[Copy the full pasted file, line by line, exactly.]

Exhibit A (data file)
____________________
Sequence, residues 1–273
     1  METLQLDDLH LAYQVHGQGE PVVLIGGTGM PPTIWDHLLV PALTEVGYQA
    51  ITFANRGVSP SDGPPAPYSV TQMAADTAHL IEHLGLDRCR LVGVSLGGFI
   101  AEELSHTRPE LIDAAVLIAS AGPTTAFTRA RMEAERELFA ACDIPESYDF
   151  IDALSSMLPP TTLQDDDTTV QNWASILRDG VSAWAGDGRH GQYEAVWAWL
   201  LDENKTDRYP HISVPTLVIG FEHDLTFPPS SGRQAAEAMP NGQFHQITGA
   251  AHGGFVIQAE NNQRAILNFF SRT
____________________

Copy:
Sequence, residues 1–273
     1  METLQLDDLH LAYQVHGQGE PVVLIGGTGM PPTIWDHLLV PALTEVGYQA
    51  ITFANRGVSP SDGPPAPYSV TQMAADTAHL IEHLGLDRCR LVGVSLGGFI
   101  AEELSHTRPE LIDAAVLIAS AGPTTAFTRA RMEAERELFA ACDIPESYDF
   151  IDALSSMLPP TTLQDDDTTV QNWASILRDG VSAWAGDGRH GQYEAVWAWL
   201  LDENKTDRYP HISVPTLVIG FEHDLTFPPS SGRQAAEAMP NGQFHQITGA
   251  AHGGFVIQAE NNQRAILNFF SRT